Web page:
Appalachicola River: The Chipola River actually flows into the massive Apalachicola River which has a portion in bounds as well. This is a VERY large river that drains much of the state of Georgia, including notable shoal bass fisheries the Flint and Chattahoochee which starts way up in the north GA mountains. Like most of the rivers in this stop you will have a lot of saltwater migratory forage species that make their way to and from the Gulf of Mexico upstream into the freshwater. The Apalachicola certainly has its share of forage for bass to get very very large by feeding on. However, most would not consider the Ap the best “kayak” fishery due to its size and abundance of bass boats. Having said all that, the bigger the ocean, the bigger the fish so if someone can pattern the big largemouth of the Appalachicola they may just paddle away with a nice stringer. TIP: If you go here try targeting sloughs, oxbows or any creeks you can find because that is where the bigger boats can’t get as easy and where bass like to spawn that time of year.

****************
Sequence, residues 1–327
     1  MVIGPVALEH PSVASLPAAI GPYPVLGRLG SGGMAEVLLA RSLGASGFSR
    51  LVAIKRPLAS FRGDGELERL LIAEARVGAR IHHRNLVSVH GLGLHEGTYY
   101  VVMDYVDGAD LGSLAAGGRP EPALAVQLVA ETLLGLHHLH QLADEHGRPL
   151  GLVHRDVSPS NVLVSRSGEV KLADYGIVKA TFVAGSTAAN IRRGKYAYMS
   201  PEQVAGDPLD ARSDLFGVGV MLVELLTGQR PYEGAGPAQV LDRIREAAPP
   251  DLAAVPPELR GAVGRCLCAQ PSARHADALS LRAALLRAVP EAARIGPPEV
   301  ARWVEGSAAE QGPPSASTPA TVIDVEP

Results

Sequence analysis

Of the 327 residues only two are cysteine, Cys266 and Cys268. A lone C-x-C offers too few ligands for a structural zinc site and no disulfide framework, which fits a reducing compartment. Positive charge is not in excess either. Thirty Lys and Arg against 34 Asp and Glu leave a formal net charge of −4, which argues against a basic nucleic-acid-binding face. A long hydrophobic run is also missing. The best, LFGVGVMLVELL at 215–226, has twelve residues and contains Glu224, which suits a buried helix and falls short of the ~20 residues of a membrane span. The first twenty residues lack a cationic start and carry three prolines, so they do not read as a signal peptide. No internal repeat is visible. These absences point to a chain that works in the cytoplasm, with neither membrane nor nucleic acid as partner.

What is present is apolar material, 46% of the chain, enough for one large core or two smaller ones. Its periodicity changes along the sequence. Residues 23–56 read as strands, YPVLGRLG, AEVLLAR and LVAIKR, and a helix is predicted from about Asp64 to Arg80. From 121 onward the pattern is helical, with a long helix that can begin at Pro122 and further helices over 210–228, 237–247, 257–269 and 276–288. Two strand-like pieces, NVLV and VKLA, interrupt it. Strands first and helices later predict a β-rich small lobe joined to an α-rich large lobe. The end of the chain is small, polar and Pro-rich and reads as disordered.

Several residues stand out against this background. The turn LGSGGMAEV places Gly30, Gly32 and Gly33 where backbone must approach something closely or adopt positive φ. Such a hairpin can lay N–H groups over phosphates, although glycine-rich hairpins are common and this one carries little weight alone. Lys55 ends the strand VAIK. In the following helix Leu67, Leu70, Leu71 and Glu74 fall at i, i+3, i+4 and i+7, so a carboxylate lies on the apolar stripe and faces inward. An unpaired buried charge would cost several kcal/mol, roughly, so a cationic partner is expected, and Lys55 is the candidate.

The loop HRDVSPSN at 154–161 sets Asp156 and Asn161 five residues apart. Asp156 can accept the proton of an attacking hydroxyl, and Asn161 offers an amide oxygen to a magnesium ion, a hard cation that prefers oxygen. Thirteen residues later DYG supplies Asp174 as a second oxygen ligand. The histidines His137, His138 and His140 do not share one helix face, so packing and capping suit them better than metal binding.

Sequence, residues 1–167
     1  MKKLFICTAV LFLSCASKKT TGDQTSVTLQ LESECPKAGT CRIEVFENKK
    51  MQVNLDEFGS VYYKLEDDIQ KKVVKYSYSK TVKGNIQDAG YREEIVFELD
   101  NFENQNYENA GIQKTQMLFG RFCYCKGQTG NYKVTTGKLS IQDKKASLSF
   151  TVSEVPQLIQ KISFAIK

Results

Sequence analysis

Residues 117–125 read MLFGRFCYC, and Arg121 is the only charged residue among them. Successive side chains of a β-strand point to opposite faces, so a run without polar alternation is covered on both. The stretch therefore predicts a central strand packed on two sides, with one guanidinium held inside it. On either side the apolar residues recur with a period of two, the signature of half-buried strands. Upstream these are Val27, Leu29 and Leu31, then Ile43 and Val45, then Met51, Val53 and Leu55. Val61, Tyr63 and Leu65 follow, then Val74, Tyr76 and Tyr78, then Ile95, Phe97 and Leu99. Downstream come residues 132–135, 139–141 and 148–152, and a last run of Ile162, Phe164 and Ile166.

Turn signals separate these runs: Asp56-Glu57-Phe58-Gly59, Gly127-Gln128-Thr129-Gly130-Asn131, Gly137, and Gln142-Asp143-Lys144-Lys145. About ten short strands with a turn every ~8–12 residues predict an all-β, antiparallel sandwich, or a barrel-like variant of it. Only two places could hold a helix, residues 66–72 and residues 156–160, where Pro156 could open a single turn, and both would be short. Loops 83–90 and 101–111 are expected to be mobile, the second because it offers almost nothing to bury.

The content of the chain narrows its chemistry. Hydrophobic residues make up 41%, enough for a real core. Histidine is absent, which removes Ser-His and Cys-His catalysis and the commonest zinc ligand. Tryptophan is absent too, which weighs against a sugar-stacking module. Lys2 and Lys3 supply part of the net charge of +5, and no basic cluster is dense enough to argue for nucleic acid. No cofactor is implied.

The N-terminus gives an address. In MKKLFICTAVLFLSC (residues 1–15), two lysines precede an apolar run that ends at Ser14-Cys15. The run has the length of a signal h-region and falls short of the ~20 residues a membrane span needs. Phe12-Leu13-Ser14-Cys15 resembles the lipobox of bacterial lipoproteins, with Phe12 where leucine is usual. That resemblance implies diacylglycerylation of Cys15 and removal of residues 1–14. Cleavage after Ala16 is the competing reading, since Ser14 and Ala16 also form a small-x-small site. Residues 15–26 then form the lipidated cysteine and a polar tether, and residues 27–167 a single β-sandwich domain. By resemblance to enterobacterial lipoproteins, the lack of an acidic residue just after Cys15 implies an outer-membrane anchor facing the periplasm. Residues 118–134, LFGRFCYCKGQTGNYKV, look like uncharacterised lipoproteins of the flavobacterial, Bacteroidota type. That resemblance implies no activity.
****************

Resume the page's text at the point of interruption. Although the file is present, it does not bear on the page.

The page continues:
Ochlocknee River: Moving further east on the map if you look at the top of the boundary you will spot the finger that sticks up clueing you in to the medium sized Ochlocknee River system just upstream of Lake Talquin. <Be sure to note that the HWY 90 bridge has a big red line on it which signifies the boundary between the Ochlocknee and Lake Talquin – you cannot fish downstream of this bridge>. The Ochlocknee River is the western habitat for another rare black bass species, the Suwannee bass. You can see the owner of The Wilderness Way, Robert Baker, holding a small one here in this photo. The Suwanne is a black bass that doesn’t get too big (2lbs is a nice one) but what it lacks in size it makes up for in beauty and fight! They are dark, almost black on top, lighter on the underside but have turquoise on their gills and around their head as well. They’re definitely one to put on your bucket list. Aside from the Suwannee anglers can expect to catch largemouth bass in this river. You’ll also notice, especially below Lake Talquin, that the river is a much darker color than the Chipola system. A lot of this dark color comes from the fact that the river drains a lot of lowland swampy areas that are more acidic. These swampy areas get blacker water because the leaves/needles from the trees that live in the swamp fall and decay in the stagnant water. Eventually that water makes its way through the swamp and into the main river bringing that copper, tea or black colored stain with it. This river is winds downstream like a snake with white sand banks on the inside river bends. The more you head downstream closer to the gulf you’ll notice that there are a lot of wild sloughs, fingers and oxbow lakes. The Ochlocknee is not far from Crawfordville and with the proper pre-fishing and river scouting it could be where some folks end up doing at.